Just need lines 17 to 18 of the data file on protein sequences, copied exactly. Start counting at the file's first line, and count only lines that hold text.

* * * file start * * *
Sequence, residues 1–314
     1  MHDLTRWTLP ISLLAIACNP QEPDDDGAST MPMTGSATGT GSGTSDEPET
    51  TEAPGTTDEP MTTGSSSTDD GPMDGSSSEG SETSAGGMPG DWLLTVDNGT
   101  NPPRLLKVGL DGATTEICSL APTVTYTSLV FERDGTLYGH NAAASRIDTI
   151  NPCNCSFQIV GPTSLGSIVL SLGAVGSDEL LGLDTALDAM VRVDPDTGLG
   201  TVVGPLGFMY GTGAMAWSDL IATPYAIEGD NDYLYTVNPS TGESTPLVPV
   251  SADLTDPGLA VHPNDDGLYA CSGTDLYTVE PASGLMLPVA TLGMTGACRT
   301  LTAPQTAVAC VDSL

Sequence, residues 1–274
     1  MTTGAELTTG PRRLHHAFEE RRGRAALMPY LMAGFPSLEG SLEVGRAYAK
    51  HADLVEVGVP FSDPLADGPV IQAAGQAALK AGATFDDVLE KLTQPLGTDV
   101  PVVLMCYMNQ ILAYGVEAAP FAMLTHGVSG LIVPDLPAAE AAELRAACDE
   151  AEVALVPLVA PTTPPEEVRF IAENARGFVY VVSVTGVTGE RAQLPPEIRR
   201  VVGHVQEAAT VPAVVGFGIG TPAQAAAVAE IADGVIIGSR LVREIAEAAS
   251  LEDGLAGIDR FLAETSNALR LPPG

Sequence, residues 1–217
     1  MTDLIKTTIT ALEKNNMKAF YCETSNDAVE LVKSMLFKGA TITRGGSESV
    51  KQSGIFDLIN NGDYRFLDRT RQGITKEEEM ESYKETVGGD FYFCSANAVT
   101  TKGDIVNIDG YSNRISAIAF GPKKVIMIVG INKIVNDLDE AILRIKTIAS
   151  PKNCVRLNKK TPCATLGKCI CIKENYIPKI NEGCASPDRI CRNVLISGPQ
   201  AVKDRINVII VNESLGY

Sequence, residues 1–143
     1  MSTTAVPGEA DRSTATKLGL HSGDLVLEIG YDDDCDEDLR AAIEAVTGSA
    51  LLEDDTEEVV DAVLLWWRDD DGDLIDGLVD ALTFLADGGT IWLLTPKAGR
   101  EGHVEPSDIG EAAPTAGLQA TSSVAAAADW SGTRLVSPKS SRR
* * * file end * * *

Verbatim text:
     1  MTDLIKTTIT ALEKNNMKAF YCETSNDAVE LVKSMLFKGA TITRGGSESV
    51  KQSGIFDLIN NGDYRFLDRT RQGITKEEEM ESYKETVGGD FYFCSANAVT